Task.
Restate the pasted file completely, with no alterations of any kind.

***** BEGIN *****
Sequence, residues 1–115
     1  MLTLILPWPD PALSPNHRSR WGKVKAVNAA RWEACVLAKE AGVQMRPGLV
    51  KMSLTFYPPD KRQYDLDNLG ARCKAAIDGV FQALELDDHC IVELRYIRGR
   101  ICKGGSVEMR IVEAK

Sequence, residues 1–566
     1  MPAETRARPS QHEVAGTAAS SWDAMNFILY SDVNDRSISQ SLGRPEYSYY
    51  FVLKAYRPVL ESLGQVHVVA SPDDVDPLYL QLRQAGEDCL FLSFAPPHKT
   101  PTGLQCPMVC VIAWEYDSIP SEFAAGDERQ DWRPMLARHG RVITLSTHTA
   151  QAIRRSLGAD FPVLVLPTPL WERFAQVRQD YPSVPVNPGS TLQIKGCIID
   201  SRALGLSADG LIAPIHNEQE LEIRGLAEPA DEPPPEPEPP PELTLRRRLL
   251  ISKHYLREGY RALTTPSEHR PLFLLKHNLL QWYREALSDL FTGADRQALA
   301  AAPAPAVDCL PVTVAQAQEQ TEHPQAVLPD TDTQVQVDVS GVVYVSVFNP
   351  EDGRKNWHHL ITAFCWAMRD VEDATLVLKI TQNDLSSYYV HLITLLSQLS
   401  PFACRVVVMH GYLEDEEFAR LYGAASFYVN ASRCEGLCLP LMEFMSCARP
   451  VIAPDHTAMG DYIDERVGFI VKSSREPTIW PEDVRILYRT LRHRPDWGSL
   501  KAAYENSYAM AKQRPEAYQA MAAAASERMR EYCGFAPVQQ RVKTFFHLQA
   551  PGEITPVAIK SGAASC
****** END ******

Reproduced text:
Sequence, residues 1–115
     1  MLTLILPWPD PALSPNHRSR WGKVKAVNAA RWEACVLAKE AGVQMRPGLV
    51  KMSLTFYPPD KRQYDLDNLG ARCKAAIDGV FQALELDDHC IVELRYIRGR
   101  ICKGGSVEMR IVEAK

Sequence, residues 1–566
     1  MPAETRARPS QHEVAGTAAS SWDAMNFILY SDVNDRSISQ SLGRPEYSYY
    51  FVLKAYRPVL ESLGQVHVVA SPDDVDPLYL QLRQAGEDCL FLSFAPPHKT
   101  PTGLQCPMVC VIAWEYDSIP SEFAAGDERQ DWRPMLARHG RVITLSTHTA
   151  QAIRRSLGAD FPVLVLPTPL WERFAQVRQD YPSVPVNPGS TLQIKGCIID
   201  SRALGLSADG LIAPIHNEQE LEIRGLAEPA DEPPPEPEPP PELTLRRRLL
   251  ISKHYLREGY RALTTPSEHR PLFLLKHNLL QWYREALSDL FTGADRQALA
   301  AAPAPAVDCL PVTVAQAQEQ TEHPQAVLPD TDTQVQVDVS GVVYVSVFNP
   351  EDGRKNWHHL ITAFCWAMRD VEDATLVLKI TQNDLSSYYV HLITLLSQLS
   401  PFACRVVVMH GYLEDEEFAR LYGAASFYVN ASRCEGLCLP LMEFMSCARP
   451  VIAPDHTAMG DYIDERVGFI VKSSREPTIW PEDVRILYRT LRHRPDWGSL
   501  KAAYENSYAM AKQRPEAYQA MAAAASERMR EYCGFAPVQQ RVKTFFHLQA
   551  PGEITPVAIK SGAASC